We’re hitting the halfway mark on the season, and the word of the day is: TemPad (for some unfathomable reason).
We open with a brief flashback to the Variant talking to Agent C-20 in her mind, creating a scenario where they’re close friends as she tries to wheedle information on the Time Keepers out of her. Moving up to the end of last episode, the Variant’s portal takes her directly to the TVA, where she proceeds to dispatch agents on a journey toward an elevator that should take her to the Time Keepers. Loki emerges from the portal and follows after her once he’s retrieved his daggers. They get into a scuffle and Renslayer shows up with guards. The Variant threatens to kill Loki if they come closer, but that threat doesn’t bother Renslayer in the slightest. Loki activates the TemPad device, and drops them both into another apocalypse: Lamentis-1 in the year 2077.
Lamentis is a mining planet that is about to be obliterated by its moon crashing into it, and the TemPad is unfortunately out of power and hidden on Loki’s person. The Variant tries to get into Loki’s mind to force him to hand it over, but it doesn’t work. After an attempt to trick a woman waiting out in her home with a space gun, they learn that they can get on a train to “the Ark”—the last ship leaving the planet. The Variant knows that the ship won’t make it, and suggests using its power to get the TemPad working. The duo find that the train requires tickets, and only the rich are being allowed to board. Loki disguises himself as one of the guards, but it takes the Variant’s powers to get them on the train. They sit down in a dining car and have a chat: The Variant calls herself Sylvie, and she asks about Loki’s mother because she can’t really remember her. She claims to have taught herself magic. They talk about love, and Loki admits that while he’s had dalliances with men and women, there’s never been anything “real.”
Sylvie falls asleep, only to wake to a drunk Loki leading the dining car’s occupants in a communal Asgardian tune. He gives her a metaphor about love being like a dagger, which they both wind up unimpressed by. Unfortunately, his behavior has roused suspicion, and the guards arrive to demand their tickets. He gets thrown from the train and Sylvie follows. The TemPad is broken beyond repair due to Loki’s fall, so he suggests that they help change history and get the Ark off the ground. They get to the spaceport area as things start getting bad on the ground, and everywhere they turn is struck by meteors or covered by guards they have to fight their way through. Before they even get close, the Ark is hit by a chunk of moon and breaks in half. Loki watches the planet go to pieces around him.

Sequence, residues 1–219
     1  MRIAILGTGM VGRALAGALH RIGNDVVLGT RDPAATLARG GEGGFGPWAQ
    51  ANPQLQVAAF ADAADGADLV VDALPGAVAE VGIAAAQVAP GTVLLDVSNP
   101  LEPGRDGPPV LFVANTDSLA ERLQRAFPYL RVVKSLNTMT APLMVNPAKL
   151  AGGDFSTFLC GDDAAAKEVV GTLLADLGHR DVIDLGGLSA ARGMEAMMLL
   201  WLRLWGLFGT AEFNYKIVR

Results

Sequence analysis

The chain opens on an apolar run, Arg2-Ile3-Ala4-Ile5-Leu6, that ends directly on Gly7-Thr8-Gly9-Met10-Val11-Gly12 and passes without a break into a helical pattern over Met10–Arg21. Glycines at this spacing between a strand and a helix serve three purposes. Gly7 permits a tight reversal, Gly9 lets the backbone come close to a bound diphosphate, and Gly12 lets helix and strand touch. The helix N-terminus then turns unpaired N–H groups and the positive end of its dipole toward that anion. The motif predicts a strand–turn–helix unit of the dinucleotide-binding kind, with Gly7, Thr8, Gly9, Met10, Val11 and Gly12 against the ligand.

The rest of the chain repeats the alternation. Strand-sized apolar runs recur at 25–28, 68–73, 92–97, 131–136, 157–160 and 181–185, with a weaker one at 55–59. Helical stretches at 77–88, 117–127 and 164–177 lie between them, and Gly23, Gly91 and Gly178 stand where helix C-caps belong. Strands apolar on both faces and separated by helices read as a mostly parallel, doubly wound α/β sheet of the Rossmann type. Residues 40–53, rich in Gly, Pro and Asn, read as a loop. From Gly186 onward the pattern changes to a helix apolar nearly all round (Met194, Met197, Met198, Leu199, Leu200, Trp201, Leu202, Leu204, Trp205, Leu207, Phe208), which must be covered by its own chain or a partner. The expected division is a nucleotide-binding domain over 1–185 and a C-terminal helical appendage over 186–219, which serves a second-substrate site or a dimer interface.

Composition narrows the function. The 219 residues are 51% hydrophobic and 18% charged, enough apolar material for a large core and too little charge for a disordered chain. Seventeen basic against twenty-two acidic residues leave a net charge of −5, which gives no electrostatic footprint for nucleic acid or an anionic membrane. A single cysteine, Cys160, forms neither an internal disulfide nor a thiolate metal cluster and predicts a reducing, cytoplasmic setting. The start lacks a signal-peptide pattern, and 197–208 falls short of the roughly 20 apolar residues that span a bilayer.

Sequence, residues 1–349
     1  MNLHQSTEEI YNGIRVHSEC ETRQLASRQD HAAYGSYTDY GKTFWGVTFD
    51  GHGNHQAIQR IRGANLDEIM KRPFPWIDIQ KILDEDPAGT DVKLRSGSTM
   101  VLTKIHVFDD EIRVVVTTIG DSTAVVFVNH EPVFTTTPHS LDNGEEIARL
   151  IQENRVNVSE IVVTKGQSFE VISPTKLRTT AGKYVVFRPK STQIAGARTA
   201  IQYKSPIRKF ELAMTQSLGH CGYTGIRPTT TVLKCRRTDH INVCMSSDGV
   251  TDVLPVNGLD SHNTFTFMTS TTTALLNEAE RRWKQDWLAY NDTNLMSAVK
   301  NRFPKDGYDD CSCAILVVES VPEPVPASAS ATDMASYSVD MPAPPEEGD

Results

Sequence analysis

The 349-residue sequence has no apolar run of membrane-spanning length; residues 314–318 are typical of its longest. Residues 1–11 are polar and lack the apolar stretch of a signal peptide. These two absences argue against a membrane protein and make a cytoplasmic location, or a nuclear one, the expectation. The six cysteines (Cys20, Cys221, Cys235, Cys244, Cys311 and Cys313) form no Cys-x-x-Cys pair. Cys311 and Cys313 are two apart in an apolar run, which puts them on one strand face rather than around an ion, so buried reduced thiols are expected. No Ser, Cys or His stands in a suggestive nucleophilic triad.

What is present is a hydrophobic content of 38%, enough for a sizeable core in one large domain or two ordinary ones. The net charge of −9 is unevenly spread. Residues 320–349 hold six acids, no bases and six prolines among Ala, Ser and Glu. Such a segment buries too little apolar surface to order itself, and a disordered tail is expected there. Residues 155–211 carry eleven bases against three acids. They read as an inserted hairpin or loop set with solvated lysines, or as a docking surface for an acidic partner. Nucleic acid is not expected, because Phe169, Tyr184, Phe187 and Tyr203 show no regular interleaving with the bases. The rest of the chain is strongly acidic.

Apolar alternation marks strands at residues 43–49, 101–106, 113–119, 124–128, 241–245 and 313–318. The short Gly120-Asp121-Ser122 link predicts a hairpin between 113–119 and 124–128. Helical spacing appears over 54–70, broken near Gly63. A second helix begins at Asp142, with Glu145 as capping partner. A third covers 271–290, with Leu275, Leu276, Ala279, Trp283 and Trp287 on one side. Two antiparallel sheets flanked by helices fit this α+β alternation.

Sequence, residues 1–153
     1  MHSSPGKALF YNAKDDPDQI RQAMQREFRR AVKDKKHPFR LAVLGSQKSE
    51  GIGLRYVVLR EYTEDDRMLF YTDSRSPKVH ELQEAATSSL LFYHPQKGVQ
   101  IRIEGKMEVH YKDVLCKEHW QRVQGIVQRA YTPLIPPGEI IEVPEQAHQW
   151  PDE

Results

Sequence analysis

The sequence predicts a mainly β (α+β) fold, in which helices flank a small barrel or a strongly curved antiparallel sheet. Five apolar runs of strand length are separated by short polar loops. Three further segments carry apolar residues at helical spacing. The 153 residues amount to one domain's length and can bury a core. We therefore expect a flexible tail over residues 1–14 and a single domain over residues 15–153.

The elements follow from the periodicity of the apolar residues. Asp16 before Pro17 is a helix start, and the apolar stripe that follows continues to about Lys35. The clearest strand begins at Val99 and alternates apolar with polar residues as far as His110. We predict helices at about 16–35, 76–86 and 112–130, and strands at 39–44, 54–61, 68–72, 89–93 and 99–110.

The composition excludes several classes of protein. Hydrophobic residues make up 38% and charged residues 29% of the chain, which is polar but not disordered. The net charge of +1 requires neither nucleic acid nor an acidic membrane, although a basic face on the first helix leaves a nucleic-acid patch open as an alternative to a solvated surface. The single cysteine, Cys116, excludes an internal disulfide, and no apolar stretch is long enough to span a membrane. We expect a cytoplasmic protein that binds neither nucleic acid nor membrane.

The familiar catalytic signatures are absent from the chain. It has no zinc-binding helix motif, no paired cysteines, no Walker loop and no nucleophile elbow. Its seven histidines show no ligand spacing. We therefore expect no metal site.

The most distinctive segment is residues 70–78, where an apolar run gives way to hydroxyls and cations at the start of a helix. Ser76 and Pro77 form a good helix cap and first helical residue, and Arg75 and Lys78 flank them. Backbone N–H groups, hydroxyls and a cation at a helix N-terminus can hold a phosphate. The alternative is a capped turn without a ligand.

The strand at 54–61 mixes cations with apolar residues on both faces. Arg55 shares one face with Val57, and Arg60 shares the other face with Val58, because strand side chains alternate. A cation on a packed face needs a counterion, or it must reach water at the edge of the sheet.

The mechanics of the episode are a downright mess, y’all. There are so many things happening just because they need to happen without any sense behind them; the fact that we’re suddenly transported to a non-Earth Apocalypse, but they couldn’t be bothered to give us some aliens; the grumpy dude on the train turning Loki in to the guards because he’s… I dunno, mad that Loki’s helping everyone have fun on their way to escape doomsday; Loki getting tossed off the train right before it reaches its destination anyhow; the absolute devotion of this random security firm who are intent on protecting rich people and their stuff as the world literally disintegrates; the fact that there are a bunch of rich citizens on a mining colony planet in the first place. Sure, there could be explanations for any one of these things, but without said explanations, they’re all sloppy machinations created to get Loki and Sylvie from Point A to Point B without any thought.